Founding of the USO

On this day in 1941, the United Service Organization (USO) was founded.
As it became clear that the United States was destined to enter World War II, organizations across the country began to mobilize to support the growing military. These organizations included the YMCA, the YWCA, the Salvation Army, National Jewish Welfare Board, the National Catholic Community Services and the National Travelers Aid Association. President Franklin Roosevelt formed the USO to create synergy between these agencies with the objective to provide emotional support for the troops during their service.
During World War II, the USO became the G.I.’s “home away from home” and began a tradition of entertaining the troops that continues today. Involvement in the USO was one of the many ways in which the nation had come together to support the war effort, with nearly 1.5 million Americans having volunteered their services in some way.

Camp Shows began in Normandy in July 1944, one month after Operation Overlord. Until fall 1944 overseas units contained five performers or fewer; The Barretts of Wimpole Street, using local theaters in France and Italy, was the first to use an entire theater company, including scenery. At its high point in 1944, the USO had more than 3,000 clubs, and curtains were rising on USO shows 700 times a day. From 1941 to 1947, the USO presented more than 400,000 performances

In 1947, the USO clubs and facilities were closed and the organization was given an Honorable Discharge by President Harry S Truman. In January 1951, the USO was reactivated for the Korean War under a memorandum of understanding between the President and the Department of Defense (DOD).
In June 1972, The USO was again shuttered as troops withdrew from Vietnam. In December of 1979, President Jimmy Carter signs the USO’s newly granted congressional charter.
The organization became particularly famous for its live performances called Camp Shows, through which the entertainment industry helped boost the morale of its servicemen and women. Camp Shows began in Normandy in July 1944, one month after Operation Overlord. At its high point in 1944, the USO had more than 3,000 clubs, and curtains were rising on USO shows 700 times a day. From 1941 to 1947, the USO presented more than 400,000 performances

USO Peformance on Ship during Vietnam

USO Performance on Ship during Vietnam

Hollywood in general was eager to show its patriotism, and many famous celebrities joined the ranks of USO entertainers. They entertained in military bases at home and overseas, sometimes placing their own lives in danger, by traveling or performing under hazardous conditions. Performances over time have included a long list of celebrities. During WWII, performances from Hollywood legends such as Bing Crosby, Judy Garland, Bette Davis, Humphrey Bogart, Frank Sinatra, Laurel & Hardy, the Marx Brothers, Lucille Ball, and many more helped bring a bit of home to the troops. During the Korean War stars such as Errol Flynn, Debbie Reynolds, Danny Kaye and Jayne Mansfield to name a few took up the torch. During Vietnam, soldiers were entertained by John Wayne, Sammy Davis Jr, Phyllis Diller, Redd Foxx and a host of others. In recent years stars such as Zac Brown, Lewis Black, Robin Williams, Carrie Underwood, Toby Keith, Dane Cook, along with countless other stars, both big and small, traveled to raise the morale of the troops.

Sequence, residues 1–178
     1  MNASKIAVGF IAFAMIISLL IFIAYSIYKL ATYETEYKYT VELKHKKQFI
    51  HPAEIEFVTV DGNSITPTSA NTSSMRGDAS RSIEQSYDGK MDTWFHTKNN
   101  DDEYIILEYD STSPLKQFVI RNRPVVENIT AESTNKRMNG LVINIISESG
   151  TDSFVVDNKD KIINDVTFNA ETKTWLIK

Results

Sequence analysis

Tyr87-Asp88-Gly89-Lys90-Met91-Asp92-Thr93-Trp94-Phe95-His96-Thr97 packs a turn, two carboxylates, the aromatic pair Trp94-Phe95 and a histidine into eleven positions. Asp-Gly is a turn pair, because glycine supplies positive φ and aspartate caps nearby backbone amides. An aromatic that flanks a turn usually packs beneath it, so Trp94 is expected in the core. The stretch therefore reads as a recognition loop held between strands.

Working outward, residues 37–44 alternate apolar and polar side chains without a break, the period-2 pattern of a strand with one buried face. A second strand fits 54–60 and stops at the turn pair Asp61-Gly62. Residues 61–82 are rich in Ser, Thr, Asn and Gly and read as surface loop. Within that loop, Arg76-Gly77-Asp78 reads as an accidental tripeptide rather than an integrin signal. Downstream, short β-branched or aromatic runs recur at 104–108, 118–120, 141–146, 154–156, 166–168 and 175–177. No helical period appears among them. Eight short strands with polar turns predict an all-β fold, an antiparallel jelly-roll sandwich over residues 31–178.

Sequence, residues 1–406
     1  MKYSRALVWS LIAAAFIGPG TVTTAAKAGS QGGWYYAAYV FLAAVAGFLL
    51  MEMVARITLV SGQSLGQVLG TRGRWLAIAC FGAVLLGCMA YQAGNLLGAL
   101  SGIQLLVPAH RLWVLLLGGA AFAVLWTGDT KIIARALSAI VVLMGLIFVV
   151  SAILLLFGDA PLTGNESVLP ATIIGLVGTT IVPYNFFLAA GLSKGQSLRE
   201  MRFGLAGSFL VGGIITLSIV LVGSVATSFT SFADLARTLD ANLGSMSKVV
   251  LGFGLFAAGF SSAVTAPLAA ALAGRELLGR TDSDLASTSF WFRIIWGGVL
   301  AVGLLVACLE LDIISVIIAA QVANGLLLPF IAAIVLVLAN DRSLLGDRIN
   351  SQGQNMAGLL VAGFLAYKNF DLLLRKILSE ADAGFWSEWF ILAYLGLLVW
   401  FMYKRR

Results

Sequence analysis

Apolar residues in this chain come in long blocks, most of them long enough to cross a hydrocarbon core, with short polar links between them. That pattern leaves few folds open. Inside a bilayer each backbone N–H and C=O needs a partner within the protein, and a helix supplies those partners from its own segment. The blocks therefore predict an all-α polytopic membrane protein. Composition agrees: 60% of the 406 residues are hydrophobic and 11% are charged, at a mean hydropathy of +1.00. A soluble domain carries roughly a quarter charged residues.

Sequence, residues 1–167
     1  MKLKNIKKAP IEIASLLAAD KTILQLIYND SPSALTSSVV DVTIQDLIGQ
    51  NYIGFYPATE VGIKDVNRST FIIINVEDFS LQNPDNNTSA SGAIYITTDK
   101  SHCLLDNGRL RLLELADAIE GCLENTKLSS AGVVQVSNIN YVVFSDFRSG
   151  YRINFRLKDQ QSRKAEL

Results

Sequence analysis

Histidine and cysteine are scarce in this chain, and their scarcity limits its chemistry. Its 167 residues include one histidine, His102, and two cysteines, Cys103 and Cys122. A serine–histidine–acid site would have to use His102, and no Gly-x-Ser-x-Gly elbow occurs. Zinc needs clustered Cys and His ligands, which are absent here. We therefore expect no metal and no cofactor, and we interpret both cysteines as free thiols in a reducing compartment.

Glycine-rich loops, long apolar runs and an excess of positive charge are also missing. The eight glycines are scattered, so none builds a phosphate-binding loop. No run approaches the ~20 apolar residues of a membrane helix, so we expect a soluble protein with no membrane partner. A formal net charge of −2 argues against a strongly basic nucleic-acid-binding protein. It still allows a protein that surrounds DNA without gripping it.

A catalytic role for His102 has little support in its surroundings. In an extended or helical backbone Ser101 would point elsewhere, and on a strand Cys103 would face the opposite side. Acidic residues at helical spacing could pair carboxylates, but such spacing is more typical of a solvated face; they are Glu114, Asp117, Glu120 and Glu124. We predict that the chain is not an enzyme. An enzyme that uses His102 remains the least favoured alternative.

Of all the entertainers that took time to serve the USO, the greatest name on the list would be Bob Hope. Bob Hope’s contributions to the USO and the troops started in 1941 and ended in 1991. He spent 48 Christmases overseas with American Service Personnel. War correspondent Quentin Reynolds wrote in 1943, “He and his troupe would do 300 miles in a jeep, and give four shows… One of the generals said Hope was a first rate military target since he was worth a division; that that’s about 15,000 men. Presumably the Nazis appreciated Hope’s value, since they thrice bombed towns while the comic was there.” In the spring of 1973, Hope began writing his fifth book, The Last Christmas Show, which was dedicated to “the men and women of the armed forces and to those who also served by worrying and waiting.” He signed over his royalties to the USO.

Bob Hope Performance in 1945

Bob Hope Performance in 1945

As a result of his non-stop entertainment to both the civilian population and the military, he received numerous other honors over the years. In 1997, the U.S. Congress honored Bob Hope by declaring him the “first and only honorary veteran of the U.S. armed forces.”

Today the USO has over 160 locations around the world in 14 countries (including the U.S.) and 27 states. The USO has a paid staff of approximately 300. Additionally, more than 44,000 USO volunteers provide an estimated 371,417 hours of service annually.  As reported by the USO, the unpaid volunteer to paid employee ratio overseas is 20 to 1. Within the United States, the number is “significantly higher”.

The author with the band Scarlet Ending in Djibouti Africa 2009

Whiskey Dave hanging with the band Scarlet Ending on Camp Lemmonier, in Djibouti in 2009

In 2011, USO centers served 8 million visitors.

In celebration of the USO, a first class organization, I give you Deputy Dave’s Drink of the Day: The Classic Martini
1 ½ oz gin
½ oz dry vermouth

Stir with ice cubes and strain into a chilled cocktail glass. Garnish with an olive or a twist of lemon


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